Novak Djokovic has sat atop the ATP for the better part of the last year and a half and Pete Sampras believes he could stay there for the next five years.
“I do [think Djokovic can remain No. 1 for years]. I was thinking about that when he won Monte Carlo,” Sampras told TENNIS.com in a conference call with the media to promote his doubles partnership with John McEnroe in an exhibition match against Tommy Haas and Ivan Lendl at the second annual Greenbrier Champions Tennis Classic, September 21-22. “He could stay No. 1 for quite a while, five or six years in a row. Realistically, if he stays healthy, he could very well do it.”
Sampras’ comments seem to echo the general sentiment around the tennis world after Djokovic emphatically ended Rafael Nadal’s 46-match winning streak in Monte Carlo last weekend. Djokovic defeated the Spaniard 6-2, 7-6 (1) to win his eighth different ATP Masters 1000 title (Djokovic only needs Cincinnati to complete the set). The loss was Nadal’s first at the tournament since 2003 and ended his historic quest for a ninth straight Monte Carlo title.
But did the audacious streak-stopping numerology work to artificially inflate the significance of Djokovic’s win? Monte Carlo was not the first time Djokovic beat Nadal in a clay-court final. Most notably, Djokovic beat Nadal in Madrid and Rome during his record-setting 2011 season. Those results, part of a year in which Djokovic went 6-0 against Nadal in finals, was the signal of Djokovic’s greatness.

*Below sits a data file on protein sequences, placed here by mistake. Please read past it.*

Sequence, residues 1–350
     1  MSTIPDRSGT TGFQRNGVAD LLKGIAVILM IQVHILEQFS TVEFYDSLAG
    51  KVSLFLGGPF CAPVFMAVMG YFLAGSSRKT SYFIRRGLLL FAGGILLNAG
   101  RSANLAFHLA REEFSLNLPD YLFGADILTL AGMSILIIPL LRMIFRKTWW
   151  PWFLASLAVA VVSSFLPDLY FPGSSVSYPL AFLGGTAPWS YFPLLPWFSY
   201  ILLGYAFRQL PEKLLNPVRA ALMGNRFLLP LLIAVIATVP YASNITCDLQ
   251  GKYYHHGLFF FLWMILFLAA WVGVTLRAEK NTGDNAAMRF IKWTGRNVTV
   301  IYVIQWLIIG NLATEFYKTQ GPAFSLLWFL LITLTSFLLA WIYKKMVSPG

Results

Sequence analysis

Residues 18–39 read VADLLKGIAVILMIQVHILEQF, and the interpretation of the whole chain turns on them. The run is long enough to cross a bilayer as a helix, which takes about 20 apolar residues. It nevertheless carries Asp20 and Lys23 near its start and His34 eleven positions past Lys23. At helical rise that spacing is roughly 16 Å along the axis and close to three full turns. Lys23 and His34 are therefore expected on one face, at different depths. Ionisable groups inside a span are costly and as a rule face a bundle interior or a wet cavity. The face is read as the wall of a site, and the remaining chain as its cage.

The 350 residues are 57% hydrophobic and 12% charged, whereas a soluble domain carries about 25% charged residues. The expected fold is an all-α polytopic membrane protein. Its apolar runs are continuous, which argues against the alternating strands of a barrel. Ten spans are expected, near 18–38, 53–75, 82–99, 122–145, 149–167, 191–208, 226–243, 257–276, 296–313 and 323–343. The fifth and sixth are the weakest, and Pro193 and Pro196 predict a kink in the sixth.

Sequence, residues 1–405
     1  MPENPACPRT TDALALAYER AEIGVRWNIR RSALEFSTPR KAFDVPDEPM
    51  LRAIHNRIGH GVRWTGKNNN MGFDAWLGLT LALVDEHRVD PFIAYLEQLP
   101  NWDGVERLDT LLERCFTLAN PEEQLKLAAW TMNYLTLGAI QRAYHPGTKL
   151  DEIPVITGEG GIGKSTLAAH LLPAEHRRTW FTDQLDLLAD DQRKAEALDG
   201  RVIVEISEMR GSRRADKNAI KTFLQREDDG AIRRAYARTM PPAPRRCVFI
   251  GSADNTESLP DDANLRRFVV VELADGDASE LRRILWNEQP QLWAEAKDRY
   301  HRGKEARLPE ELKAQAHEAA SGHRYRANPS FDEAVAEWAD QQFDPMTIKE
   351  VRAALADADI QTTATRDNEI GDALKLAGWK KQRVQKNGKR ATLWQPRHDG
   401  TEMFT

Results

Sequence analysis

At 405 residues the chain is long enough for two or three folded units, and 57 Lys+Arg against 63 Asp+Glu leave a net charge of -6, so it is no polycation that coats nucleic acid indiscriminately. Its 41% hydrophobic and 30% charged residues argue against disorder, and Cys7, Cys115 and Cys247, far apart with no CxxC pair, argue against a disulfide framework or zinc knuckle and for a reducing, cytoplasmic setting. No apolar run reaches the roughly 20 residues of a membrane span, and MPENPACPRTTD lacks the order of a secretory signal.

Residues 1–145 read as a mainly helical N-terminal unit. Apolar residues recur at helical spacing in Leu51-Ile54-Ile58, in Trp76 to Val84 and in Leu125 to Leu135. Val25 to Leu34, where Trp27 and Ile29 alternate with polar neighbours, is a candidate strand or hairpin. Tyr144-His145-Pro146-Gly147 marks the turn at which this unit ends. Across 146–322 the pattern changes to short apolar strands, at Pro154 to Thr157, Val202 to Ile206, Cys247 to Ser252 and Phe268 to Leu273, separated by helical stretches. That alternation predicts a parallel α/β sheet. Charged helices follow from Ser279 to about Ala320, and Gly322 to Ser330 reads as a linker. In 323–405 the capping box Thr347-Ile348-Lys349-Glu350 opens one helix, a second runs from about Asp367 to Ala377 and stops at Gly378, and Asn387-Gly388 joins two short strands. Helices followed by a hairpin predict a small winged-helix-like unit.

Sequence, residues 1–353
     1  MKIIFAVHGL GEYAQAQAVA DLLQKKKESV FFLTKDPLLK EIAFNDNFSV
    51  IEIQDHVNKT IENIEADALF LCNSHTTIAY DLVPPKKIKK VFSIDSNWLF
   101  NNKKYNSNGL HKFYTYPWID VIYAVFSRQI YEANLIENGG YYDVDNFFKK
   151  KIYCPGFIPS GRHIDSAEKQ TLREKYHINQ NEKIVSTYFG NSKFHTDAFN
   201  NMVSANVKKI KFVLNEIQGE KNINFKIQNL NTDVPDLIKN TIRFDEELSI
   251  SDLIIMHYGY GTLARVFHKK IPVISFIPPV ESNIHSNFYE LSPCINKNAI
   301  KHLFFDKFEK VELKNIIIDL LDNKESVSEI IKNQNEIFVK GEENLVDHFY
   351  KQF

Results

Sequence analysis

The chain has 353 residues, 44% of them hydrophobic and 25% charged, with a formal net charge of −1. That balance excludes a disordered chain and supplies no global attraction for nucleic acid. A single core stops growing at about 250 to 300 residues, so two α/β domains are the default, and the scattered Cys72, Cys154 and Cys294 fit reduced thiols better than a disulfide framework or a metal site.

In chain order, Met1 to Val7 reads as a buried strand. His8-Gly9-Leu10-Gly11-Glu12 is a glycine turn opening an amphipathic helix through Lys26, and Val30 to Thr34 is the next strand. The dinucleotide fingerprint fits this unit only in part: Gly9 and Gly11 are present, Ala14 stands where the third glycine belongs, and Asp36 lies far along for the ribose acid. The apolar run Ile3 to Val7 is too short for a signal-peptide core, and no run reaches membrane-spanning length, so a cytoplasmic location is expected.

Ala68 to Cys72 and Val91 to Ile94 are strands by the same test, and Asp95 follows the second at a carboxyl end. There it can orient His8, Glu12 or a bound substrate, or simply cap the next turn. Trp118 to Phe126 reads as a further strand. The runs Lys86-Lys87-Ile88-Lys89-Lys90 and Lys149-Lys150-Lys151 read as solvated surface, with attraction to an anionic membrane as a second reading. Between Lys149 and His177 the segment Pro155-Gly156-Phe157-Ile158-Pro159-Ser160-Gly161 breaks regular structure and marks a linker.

As Peter Bodo wrote at Tennis.com, it seems people were inclined to dismiss Djokovic’s pure talent when he broke through in 2008, and even when he had his dominant 2011 season, all the discussion was about gluten-free diets, Davis Cup confidence and mental head games with Rafa, as explanations for his results. There was simply a reluctance to just throw your hands up and say, “The guy is just this good.” Now, two years on, Djokovic has shown the longevity and consistency to allay any concerns that his wins were just a flash in the pan. In fact, it feels like it’s just a matter of time until he completes his career Slam by winning the French Open, whether it’s during Nadal’s tenure or after.
So Sampras is probably right. There’s no reason to think that Djokovic won’t sit atop the men’s game for the next few years, with the occasional tug-o-war with Andy Murray over rankings and Slams. But that’s not because he stopped Nadal at Rafa’s favorite tournament in Monte Carlo. It’s because the fact that he did shouldn’t have surprised anyone.